"There's a sea change in acknowledging disabilities," says Melanie Panitch, director of Ryerson's school of disability studies. "We're seeing activism through broad-based groups and coalitions looking at poverty."

Globally, last year's United Nations agreement on the rights and dignities of people with disabilities is "very significant" in adding weight to the movement," she adds.

Still A Long Way To Go

"We're stalled for lack of federal leadership," says Marcia Rioux, head of York University's school of critical disability studies, currently spending some time in Australia as a "Distinguished Fellow" at LaTrobe University in Melbourne.

Australia, by contrast, "is back on board," she says. "During the good times, when the economy was strong, we should have got further. There's no trickle-down for people with disabilities."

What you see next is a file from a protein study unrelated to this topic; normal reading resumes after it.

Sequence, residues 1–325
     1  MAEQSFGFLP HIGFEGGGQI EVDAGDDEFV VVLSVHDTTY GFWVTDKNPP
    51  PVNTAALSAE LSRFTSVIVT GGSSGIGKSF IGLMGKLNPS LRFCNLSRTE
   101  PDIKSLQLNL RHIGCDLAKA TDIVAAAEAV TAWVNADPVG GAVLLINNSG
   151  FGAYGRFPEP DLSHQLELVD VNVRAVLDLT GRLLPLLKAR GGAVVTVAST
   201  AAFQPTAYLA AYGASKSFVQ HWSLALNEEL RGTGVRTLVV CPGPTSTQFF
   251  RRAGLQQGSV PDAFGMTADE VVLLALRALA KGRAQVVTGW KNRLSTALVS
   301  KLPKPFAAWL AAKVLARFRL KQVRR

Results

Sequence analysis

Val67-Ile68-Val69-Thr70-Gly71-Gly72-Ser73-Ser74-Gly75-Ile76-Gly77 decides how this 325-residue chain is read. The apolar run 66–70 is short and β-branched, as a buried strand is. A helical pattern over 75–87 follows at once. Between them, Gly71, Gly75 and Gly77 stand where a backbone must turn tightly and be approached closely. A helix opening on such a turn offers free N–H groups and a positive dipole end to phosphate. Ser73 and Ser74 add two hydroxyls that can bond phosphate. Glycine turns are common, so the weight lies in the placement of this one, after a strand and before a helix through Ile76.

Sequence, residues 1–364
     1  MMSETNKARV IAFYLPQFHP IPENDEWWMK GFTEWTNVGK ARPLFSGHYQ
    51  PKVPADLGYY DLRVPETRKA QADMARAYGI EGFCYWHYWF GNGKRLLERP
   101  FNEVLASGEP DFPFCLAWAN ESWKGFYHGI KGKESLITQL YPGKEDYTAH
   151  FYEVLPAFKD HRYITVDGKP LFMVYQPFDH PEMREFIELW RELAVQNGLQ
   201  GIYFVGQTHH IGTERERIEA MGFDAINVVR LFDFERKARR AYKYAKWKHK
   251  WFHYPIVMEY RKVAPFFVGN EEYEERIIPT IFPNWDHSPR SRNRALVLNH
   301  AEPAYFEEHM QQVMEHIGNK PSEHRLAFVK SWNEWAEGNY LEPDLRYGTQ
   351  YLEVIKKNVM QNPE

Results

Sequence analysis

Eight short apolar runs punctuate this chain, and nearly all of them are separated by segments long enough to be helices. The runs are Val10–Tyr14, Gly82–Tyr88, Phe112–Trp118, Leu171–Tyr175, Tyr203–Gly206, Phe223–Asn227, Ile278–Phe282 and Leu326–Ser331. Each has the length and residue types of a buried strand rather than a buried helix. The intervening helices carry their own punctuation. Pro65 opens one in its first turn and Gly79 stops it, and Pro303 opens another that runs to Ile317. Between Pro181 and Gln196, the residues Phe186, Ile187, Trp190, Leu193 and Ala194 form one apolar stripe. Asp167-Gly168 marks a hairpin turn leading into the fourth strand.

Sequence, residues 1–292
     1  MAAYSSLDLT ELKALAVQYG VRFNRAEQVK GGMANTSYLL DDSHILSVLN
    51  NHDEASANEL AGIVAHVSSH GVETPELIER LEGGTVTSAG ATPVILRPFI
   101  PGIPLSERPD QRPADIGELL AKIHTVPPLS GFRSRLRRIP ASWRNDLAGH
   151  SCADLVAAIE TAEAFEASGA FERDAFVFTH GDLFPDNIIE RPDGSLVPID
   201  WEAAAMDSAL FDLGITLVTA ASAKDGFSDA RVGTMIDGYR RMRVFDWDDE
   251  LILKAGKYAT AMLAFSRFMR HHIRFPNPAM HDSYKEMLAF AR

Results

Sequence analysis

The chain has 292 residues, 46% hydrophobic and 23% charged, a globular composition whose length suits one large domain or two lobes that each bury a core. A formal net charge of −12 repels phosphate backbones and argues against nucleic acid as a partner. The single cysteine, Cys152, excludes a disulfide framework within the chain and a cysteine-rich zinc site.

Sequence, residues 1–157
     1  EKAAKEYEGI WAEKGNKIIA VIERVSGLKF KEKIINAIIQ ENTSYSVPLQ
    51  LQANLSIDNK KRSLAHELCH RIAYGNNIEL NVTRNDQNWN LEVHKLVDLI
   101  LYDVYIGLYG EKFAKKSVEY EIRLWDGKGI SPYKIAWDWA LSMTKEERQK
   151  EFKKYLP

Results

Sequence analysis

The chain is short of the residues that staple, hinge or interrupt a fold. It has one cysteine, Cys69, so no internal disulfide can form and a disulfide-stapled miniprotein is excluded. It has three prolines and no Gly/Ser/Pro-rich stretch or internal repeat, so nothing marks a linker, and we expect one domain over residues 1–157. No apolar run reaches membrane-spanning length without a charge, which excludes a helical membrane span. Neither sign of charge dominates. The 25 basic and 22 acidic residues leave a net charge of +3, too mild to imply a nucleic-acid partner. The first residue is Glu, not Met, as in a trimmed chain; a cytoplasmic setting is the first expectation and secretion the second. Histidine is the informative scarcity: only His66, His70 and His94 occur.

How To Get There

"Attitudes will change only when people are seen out in the community," says motivational speaker Judith Snow, another leader in the move out of institutions.

"It took 12 years of fighting. "I was physically and emotionally dying in a nursing home," says Snow, who put together a "circle of friends" to help look out for her welfare.

Today, she laments moves to place young people in nursing homes where enough community support isn't available. As Lepofsky says: "Twenty-five years ago, we said, `The biggest problem is attitudes. We need to educate the public.'

"But once people raised awareness, they didn't know where to put it. Attitudes don't change behaviour. Behaviour changes attitudes. That's why you have to make people do things."

Milestones In A Quarter-Century Of Activism

Twenty-five years in the disability movement - here are just a few of the many markers along the way:

- With files from the Star library

Reproduced from http://www.thestar.com/living/Disabilities/article/339404